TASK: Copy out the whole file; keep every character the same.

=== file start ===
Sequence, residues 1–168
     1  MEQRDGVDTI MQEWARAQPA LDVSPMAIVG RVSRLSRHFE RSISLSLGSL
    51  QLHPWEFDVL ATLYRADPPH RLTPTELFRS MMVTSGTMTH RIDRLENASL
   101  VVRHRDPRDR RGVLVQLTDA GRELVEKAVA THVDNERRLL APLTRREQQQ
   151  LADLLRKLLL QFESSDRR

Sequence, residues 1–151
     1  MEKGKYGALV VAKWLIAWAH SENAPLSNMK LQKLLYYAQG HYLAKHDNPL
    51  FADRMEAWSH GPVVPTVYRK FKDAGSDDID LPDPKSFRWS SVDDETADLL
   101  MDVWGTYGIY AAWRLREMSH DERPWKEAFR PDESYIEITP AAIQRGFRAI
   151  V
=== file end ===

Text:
Sequence, residues 1–168
     1  MEQRDGVDTI MQEWARAQPA LDVSPMAIVG RVSRLSRHFE RSISLSLGSL
    51  QLHPWEFDVL ATLYRADPPH RLTPTELFRS MMVTSGTMTH RIDRLENASL
   101  VVRHRDPRDR RGVLVQLTDA GRELVEKAVA THVDNERRLL APLTRREQQQ
   151  LADLLRKLLL QFESSDRR

Sequence, residues 1–151
     1  MEKGKYGALV VAKWLIAWAH SENAPLSNMK LQKLLYYAQG HYLAKHDNPL
    51  FADRMEAWSH GPVVPTVYRK FKDAGSDDID LPDPKSFRWS SVDDETADLL
   101  MDVWGTYGIY AAWRLREMSH DERPWKEAFR PDESYIEITP AAIQRGFRAI
   151  V